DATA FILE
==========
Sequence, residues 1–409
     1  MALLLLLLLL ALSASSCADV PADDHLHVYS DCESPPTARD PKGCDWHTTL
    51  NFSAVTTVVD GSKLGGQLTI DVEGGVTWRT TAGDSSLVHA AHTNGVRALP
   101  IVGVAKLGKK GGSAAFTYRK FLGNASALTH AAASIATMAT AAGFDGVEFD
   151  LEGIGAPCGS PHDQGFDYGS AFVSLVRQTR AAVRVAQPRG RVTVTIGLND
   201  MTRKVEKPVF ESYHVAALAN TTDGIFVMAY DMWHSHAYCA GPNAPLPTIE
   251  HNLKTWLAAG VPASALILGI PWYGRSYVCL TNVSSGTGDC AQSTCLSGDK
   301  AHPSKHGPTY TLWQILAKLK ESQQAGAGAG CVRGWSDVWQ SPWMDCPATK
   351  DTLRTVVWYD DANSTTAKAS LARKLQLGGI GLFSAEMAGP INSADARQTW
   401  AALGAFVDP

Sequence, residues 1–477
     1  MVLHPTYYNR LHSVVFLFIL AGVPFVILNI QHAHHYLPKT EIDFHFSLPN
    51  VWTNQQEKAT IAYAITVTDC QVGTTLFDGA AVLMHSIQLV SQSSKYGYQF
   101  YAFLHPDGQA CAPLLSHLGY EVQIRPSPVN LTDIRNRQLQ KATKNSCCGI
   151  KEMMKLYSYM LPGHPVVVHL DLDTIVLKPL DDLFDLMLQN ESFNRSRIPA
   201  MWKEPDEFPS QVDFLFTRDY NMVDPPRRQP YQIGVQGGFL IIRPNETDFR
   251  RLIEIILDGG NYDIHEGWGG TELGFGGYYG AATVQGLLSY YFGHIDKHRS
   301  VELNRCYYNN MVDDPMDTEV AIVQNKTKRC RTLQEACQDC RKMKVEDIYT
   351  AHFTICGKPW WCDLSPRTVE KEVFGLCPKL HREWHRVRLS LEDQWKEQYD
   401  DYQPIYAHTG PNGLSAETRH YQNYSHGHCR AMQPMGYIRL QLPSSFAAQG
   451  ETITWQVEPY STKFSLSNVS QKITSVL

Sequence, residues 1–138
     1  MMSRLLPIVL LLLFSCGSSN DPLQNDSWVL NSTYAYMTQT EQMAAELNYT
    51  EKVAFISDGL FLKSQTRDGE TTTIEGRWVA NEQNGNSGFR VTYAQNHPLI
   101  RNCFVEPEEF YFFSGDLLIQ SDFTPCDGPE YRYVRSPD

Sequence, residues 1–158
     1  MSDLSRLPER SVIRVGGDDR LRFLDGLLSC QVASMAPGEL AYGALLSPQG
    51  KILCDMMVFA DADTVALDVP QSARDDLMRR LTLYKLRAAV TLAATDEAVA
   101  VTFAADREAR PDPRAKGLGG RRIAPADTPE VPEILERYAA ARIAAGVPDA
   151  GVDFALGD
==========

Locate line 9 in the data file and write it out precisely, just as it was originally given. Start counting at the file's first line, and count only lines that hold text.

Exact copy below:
   351  DTLRTVVWYD DANSTTAKAS LARKLQLGGI GLFSAEMAGP INSADARQTW